TCU forward Clayton Crawford looks to pass against Yale. Photo courtesy of GoFrogs.com

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Standing at six foot three and weighing 210 pounds, then-TCU golfer Clayton Crawford’s teammates used to joke he should be on the basketball court, not the golf course.

“We were halfway kidding,” Crawford said. “But I was serious in thinking you know what, that would be kind of fun.”

This basketball season, the senior finance and real estate major, made the joke a reality. Crawford is one of six seniors playing basketball for the Horned Frogs this year. He hasn’t had much playing time, but he’s been an asset in practice and in shoring up the line-up in a season marked by numerous injuries.

Crawford credits Stephen Gephardt, the men’s golf and men’s basketball assistant strength and conditioning coach, with helping Crawford find his way to the basketball court.

Gephardt said he heard about Crawford’s on-court abilities from team managers.

“He played on an intramural team with all the basketball managers at the time and they always told me Clay was one of their better players,” Gephardt said. “He expressed some interest to me about playing on the basketball team, so I mentioned it to Coach Dixon and said look: ‘He’s going to be a high character guy, low expectations and he’s going to work hard every day and never complain.’”

Dixon suggested Crawford come in the summertime to play open gym with the guys to get to know the team, Gephardt said.

Dixon said Crawford played well.

“Clayton is a guy who wanted to be a part of it and he was a golfer who improved dramatically to the point where we needed him early because we didn’t have enough bodies throughout the season,” Dixon said. “As he’s gotten better, we moved him from a guy who’s playing an undersized big guy to a guy whose skills have improved out on the perimeter. He’s worked his tail off.”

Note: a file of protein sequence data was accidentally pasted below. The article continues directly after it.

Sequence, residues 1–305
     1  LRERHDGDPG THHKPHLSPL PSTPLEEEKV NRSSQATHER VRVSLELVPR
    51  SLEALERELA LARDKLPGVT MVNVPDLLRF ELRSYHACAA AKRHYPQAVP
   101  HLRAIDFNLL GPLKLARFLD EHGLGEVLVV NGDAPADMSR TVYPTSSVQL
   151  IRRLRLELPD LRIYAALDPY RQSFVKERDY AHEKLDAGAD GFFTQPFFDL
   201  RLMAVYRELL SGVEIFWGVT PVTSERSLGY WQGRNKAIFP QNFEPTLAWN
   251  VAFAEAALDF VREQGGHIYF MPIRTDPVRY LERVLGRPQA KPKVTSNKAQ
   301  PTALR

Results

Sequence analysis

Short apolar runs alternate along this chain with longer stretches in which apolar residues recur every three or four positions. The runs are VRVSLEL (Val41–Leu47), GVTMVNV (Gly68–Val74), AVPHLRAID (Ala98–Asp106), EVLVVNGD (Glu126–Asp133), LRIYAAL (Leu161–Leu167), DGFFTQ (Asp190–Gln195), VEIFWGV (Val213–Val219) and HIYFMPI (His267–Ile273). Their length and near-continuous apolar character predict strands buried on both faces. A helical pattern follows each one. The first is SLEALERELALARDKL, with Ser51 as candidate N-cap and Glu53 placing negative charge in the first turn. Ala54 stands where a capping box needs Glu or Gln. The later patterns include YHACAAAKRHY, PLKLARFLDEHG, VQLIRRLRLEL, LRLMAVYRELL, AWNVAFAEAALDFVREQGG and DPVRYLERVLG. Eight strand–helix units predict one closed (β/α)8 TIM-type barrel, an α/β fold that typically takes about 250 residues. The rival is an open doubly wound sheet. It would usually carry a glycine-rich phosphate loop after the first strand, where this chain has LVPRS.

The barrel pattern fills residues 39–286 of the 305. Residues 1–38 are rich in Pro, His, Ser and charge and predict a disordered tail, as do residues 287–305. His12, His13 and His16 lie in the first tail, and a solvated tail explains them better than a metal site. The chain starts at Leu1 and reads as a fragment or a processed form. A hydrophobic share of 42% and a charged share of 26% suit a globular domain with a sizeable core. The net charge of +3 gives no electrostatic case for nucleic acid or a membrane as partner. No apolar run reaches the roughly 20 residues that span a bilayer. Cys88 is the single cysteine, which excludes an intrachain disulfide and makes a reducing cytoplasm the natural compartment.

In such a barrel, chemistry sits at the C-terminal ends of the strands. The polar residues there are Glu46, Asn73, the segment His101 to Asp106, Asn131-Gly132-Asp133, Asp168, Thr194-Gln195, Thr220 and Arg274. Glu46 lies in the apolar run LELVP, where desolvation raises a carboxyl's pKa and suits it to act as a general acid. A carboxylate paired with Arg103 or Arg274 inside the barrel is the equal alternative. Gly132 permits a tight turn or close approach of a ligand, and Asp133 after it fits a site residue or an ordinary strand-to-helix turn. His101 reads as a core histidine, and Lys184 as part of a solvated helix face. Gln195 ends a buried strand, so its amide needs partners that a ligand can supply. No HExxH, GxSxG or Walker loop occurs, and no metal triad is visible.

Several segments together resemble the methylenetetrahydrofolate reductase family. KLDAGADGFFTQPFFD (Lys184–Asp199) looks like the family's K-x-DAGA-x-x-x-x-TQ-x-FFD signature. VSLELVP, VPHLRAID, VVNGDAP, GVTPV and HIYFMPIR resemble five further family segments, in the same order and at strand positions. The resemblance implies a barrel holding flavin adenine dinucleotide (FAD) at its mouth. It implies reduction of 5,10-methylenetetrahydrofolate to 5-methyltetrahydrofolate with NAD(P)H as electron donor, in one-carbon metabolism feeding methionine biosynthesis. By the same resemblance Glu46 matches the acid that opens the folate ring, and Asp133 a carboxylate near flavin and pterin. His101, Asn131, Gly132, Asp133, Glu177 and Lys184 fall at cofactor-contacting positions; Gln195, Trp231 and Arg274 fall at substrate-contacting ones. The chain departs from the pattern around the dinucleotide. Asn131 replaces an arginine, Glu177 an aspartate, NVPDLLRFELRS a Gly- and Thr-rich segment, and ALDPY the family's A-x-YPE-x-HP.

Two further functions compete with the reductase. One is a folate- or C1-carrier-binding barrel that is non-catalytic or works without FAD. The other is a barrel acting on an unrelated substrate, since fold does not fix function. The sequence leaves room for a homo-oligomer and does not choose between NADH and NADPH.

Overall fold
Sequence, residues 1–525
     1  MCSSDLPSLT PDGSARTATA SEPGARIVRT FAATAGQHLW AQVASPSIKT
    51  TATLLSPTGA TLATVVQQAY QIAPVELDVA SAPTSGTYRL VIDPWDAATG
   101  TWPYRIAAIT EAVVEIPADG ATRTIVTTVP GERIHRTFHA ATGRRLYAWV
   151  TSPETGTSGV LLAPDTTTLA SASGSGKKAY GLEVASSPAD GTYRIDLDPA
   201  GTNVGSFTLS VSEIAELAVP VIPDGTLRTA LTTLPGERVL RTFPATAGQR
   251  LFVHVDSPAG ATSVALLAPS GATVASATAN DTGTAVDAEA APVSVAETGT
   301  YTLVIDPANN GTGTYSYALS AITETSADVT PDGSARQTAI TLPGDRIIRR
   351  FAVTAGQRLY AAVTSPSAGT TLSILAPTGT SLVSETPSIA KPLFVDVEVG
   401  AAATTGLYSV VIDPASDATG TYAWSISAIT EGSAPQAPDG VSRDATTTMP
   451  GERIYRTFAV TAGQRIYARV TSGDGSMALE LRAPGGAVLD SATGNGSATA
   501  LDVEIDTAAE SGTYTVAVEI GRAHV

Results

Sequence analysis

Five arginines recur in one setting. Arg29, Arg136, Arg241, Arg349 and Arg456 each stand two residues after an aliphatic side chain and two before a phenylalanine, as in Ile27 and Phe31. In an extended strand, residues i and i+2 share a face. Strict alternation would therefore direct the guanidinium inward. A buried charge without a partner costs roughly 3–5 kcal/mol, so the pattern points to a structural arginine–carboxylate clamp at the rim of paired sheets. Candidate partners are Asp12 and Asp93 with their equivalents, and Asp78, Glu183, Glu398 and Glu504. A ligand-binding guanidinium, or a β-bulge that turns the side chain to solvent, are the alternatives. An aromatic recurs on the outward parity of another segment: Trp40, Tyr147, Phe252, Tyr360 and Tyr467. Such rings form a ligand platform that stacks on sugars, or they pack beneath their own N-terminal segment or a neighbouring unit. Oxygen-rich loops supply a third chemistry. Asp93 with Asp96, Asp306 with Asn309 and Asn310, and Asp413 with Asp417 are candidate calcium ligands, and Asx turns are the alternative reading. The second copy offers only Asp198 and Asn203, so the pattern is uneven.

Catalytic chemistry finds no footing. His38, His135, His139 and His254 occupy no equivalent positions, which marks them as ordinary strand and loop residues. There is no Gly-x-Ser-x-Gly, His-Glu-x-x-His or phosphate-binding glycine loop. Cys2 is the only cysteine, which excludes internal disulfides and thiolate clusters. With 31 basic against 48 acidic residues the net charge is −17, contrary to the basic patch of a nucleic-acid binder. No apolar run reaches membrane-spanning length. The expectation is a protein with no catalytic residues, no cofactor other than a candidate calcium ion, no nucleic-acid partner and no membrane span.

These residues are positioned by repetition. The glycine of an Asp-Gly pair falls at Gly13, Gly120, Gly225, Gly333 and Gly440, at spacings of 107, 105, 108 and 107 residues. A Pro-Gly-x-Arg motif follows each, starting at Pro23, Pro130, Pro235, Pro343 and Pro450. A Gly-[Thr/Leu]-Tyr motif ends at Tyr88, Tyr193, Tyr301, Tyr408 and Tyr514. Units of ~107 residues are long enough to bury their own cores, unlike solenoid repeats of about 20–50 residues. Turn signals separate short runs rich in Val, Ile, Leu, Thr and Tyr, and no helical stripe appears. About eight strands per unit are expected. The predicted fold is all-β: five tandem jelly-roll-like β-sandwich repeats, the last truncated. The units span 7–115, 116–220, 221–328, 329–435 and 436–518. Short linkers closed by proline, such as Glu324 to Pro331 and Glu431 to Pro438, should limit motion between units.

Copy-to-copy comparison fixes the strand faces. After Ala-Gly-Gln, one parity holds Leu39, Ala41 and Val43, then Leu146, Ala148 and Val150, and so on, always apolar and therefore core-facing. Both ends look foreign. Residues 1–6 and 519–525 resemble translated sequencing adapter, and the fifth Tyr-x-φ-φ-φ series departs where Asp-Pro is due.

TCU forward Clayton Crawford looks to pass against Omaha. Photo courtesy of GoFrogs.com

His teammates were surprised at how easy he made the transition.

“The athleticism was definitely a surprise but I know it because he works the hardest on the team in the weight room,” TCU guard Kenrich Williams said. “He did a great job of transitioning from golf to basketball and he can dunk easily, probably a little better than me.”

In high school, Crawford was a two-time all-state selection in golf and basketball, but when he became a Horned Frog, he had to make a choice.

“Clayton came up one weekend for a visit and I actually hadn’t watched him play golf, but he sent me a video of him dunking and all of his highlights in basketball so I thought his work ethic and athleticism would make him a great golfer,” TCU head golf coach Bill Montigel said.

Crawford joined the golf team in 2014.

“It was awesome,” Crawford said. “My freshman year I got to play in a few tournaments, which was a lot of fun, but growing up in Colorado, golf was seasonal, so I was only playing golf six months a year. When I came here, it was like getting thrown in the deep end of the pool because there were all these great golfers from all over the world and we were playing for hours every single day. It was a really cool experience.”

The Aspen native once shot a low score of 65 (-7) in a tournament; however, that didn’t make him a standout at TCU.

“I had seen some of his golf scores and they were pretty good but unfortunately for Clayton when he came in we finished 10th in the country,” Montigel said. “So he was behind some good players. He needed play time more than anything else, but he wasn’t able to get much of it because of the depth of our team.”

Now, Crawford is a part of TCU’s stretch run toward its likely first NCAA Tournament appearance in 20 years.

“I chose a great year to hop on,” he said. “I’m excited because it’s been so fun already, but the most fun part is still coming up: senior night, the Big 12 tournament, and postseason basketball. That’s what we’ve been working for all these months, it just keeps getting better.”